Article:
The harp has come a long way in jazz since Casper Reardon introduced it to the idiom in the 1920s. Last night at the Wax Museum the Swiss Andreas Vollenweider, in his group's second U.S. concert, showed to a packed house that the instrument has been brought into the eclectic '80s.
Through a combination of instrument alteration and virtuoso skills, Vollenweider is able to elicit from the strings not only the classic sounds of a harp but make it sound like a piano, organ, guitar, banjo, mandolin and various percussion devices.
The three-number set was dominated by very pronounced beat supplied by drummer Walter Keiser and percussionist Pedro Haldemann and minimalist melodic development provided by the leader, synthesizer player Christoph Stiefel and reed player Budi Siebert.
Folk themes surfaced and became established as the main motif sometimes to hypnotic effect. Calm was juxtaposed with storm, tempos suddenly shifted, accordion and bass clarinet solos were featured.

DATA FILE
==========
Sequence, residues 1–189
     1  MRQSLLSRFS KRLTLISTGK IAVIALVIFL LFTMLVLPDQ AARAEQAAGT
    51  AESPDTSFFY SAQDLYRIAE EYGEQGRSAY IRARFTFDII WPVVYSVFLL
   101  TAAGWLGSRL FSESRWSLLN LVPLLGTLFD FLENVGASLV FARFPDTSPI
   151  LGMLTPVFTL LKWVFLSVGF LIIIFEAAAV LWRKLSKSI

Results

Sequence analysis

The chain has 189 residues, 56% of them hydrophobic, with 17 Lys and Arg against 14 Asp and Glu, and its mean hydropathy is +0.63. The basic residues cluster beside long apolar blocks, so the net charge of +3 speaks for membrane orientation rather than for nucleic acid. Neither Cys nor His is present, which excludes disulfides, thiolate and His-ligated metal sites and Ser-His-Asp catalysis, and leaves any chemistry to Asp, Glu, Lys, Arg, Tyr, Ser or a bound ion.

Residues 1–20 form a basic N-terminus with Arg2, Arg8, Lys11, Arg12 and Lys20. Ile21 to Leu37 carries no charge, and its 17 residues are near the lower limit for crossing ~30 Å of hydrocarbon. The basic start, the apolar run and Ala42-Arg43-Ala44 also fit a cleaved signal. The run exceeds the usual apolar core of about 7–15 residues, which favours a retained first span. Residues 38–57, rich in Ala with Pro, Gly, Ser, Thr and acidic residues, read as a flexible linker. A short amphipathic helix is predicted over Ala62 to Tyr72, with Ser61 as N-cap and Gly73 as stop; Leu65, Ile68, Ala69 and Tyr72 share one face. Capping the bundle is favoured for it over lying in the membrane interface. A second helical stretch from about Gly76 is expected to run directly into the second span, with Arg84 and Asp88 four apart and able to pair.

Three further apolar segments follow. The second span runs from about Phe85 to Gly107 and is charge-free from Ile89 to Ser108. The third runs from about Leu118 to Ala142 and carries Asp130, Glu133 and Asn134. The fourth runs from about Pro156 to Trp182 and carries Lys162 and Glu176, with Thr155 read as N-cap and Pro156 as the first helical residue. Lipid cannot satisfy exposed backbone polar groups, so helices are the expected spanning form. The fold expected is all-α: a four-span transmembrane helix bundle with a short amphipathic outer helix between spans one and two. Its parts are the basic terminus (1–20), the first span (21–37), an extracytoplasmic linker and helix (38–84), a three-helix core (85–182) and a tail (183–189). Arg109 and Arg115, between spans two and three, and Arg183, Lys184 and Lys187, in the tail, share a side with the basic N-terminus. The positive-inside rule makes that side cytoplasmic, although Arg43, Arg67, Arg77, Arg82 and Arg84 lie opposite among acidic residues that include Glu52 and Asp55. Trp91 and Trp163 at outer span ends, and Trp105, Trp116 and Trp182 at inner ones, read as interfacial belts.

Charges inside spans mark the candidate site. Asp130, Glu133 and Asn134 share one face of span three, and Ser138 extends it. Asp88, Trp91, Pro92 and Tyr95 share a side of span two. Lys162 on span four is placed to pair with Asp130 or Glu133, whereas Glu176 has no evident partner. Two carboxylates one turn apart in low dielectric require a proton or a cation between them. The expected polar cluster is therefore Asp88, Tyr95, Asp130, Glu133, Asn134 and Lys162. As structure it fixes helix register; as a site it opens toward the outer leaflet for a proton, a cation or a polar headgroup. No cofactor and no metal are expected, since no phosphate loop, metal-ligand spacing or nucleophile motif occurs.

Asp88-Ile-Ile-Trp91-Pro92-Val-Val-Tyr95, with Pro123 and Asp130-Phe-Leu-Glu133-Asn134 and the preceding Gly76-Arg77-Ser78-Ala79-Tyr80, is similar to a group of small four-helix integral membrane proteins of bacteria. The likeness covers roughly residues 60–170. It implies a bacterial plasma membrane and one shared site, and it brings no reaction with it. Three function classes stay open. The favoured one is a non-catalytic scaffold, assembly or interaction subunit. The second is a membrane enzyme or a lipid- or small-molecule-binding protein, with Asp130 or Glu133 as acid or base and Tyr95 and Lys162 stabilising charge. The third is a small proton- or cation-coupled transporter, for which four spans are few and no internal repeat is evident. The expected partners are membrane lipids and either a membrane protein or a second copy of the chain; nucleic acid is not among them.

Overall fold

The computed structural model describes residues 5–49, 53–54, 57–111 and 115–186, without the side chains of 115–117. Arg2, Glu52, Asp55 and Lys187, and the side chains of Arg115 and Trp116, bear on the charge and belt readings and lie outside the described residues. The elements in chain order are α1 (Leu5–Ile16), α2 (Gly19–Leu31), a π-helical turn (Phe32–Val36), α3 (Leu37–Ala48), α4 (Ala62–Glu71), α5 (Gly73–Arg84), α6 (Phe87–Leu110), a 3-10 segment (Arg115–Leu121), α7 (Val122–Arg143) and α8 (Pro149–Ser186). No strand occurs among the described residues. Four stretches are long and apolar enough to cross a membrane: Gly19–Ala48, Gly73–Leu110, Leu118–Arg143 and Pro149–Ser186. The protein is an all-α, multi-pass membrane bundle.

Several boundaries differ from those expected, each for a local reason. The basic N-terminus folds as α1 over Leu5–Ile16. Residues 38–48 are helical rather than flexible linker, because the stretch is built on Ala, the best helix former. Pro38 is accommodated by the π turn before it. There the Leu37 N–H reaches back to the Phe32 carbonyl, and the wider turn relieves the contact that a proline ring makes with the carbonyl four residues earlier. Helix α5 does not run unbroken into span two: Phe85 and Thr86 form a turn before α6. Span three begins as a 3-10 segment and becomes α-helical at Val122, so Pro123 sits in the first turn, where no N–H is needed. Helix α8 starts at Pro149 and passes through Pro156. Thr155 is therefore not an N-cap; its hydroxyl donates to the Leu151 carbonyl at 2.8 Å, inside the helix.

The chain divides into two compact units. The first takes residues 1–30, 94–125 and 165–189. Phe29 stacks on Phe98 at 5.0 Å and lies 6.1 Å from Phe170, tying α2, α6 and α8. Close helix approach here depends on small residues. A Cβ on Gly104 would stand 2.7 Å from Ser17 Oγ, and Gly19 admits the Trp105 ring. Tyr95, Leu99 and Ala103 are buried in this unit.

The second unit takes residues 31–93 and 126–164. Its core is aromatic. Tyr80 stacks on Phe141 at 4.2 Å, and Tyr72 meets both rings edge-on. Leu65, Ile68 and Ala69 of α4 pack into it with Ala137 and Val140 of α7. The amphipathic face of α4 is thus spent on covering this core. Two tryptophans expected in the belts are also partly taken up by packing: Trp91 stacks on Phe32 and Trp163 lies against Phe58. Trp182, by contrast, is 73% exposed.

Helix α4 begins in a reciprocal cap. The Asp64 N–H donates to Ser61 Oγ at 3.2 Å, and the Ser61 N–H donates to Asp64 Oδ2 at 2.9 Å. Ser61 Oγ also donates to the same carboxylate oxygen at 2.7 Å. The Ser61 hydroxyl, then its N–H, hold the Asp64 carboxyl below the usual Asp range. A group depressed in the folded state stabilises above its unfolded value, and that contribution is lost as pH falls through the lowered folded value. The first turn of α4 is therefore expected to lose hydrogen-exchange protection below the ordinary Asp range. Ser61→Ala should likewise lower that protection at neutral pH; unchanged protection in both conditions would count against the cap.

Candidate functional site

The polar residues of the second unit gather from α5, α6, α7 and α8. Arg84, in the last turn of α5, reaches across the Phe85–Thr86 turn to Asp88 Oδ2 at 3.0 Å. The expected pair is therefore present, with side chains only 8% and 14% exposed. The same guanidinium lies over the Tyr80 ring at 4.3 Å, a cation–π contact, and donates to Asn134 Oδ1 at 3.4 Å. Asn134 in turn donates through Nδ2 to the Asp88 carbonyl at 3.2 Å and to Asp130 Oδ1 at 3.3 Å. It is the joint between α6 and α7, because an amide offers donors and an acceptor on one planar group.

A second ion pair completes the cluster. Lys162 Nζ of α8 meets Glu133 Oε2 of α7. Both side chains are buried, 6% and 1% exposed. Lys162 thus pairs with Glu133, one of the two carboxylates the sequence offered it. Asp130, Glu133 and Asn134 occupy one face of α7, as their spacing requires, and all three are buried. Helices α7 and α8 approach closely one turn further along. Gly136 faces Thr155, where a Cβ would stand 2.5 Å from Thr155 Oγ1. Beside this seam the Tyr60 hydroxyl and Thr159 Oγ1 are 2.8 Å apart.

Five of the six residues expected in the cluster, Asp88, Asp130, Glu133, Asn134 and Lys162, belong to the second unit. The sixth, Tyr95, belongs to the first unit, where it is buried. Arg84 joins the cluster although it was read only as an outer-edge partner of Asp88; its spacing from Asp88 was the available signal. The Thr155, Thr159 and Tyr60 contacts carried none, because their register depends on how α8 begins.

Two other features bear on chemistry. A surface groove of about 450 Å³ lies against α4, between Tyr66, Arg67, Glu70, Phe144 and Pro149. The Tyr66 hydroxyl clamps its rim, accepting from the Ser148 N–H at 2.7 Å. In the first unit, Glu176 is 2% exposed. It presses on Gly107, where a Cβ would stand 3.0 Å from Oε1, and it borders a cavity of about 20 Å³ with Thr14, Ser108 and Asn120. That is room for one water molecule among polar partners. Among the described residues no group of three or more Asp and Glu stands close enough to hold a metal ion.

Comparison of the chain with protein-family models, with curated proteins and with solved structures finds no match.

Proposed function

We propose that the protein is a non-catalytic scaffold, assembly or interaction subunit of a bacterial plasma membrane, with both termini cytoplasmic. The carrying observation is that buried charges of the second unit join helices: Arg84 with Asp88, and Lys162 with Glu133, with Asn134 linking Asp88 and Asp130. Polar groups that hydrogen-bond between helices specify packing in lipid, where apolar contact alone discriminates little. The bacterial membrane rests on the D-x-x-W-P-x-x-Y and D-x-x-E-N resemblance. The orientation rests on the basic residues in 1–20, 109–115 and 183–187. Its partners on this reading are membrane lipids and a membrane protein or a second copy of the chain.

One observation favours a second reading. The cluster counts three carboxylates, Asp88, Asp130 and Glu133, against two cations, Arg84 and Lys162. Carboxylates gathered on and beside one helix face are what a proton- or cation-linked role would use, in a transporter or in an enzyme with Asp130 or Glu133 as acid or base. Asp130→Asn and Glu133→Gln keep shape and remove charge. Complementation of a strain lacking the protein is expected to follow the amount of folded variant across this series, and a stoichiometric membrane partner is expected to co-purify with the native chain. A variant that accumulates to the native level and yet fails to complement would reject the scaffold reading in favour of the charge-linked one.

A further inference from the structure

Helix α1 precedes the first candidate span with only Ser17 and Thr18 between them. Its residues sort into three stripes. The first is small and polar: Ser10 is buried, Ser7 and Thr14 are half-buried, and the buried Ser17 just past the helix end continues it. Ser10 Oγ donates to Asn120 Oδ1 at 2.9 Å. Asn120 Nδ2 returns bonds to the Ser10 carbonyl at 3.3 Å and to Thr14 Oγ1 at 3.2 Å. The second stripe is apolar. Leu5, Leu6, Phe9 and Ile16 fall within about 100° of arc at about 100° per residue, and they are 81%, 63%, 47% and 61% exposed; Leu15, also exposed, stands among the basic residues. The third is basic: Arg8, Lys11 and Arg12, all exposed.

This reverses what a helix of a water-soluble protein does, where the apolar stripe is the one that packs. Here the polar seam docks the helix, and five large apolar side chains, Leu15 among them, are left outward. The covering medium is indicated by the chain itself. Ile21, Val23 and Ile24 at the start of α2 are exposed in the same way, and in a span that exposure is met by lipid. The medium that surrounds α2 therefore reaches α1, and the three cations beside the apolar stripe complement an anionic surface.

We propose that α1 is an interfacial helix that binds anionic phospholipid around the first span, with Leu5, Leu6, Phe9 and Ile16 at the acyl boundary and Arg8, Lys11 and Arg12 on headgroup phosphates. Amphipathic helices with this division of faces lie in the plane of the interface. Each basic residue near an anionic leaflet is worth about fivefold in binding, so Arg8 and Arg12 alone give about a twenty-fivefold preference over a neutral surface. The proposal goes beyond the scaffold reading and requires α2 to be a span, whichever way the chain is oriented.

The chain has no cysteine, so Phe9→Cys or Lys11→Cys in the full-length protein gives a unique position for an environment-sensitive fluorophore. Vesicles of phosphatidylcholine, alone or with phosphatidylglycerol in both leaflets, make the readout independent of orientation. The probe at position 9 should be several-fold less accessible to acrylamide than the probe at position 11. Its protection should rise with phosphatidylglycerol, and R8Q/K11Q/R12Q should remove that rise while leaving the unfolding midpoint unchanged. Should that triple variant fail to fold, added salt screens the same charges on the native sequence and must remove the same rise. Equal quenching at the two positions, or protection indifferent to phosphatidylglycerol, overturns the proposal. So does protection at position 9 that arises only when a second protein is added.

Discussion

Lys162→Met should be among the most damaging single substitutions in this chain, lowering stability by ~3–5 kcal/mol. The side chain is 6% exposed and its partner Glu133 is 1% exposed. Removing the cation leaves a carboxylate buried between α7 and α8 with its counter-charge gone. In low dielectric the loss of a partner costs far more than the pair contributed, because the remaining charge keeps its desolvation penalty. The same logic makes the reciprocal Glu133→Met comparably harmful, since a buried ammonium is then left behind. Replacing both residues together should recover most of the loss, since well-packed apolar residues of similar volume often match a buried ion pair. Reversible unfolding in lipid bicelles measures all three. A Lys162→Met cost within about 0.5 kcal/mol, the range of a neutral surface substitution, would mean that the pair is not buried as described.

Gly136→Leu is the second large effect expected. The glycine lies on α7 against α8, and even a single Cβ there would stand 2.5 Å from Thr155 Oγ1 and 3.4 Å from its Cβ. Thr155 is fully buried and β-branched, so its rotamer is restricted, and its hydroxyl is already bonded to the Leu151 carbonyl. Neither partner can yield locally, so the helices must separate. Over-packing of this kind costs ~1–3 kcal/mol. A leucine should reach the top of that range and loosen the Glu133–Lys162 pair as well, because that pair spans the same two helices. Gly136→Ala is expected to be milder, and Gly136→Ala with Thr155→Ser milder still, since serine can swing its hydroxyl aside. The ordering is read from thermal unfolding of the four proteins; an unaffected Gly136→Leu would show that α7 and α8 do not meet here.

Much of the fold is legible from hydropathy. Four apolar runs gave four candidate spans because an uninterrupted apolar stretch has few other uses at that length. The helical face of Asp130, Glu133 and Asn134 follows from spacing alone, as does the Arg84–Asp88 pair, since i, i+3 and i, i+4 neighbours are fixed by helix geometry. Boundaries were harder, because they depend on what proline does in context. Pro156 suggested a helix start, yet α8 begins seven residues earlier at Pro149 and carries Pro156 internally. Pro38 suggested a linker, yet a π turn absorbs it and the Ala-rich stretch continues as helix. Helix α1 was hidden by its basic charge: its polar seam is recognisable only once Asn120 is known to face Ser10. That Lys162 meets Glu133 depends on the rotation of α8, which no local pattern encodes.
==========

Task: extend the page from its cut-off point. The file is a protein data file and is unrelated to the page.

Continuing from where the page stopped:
It was very interesting music, at times ethereal, almost ghostly. In other passages it became nearly chaotic with polyrhythms over a thudding bass drum. Sometimes it seemed to be made up as it went along, then suddenly became as tight as a sonnet. But if, as a whole, the music meandered, the encore featuring an earthy and swinging solo by the harpist, established the quintet and especially its leader as a group to watch.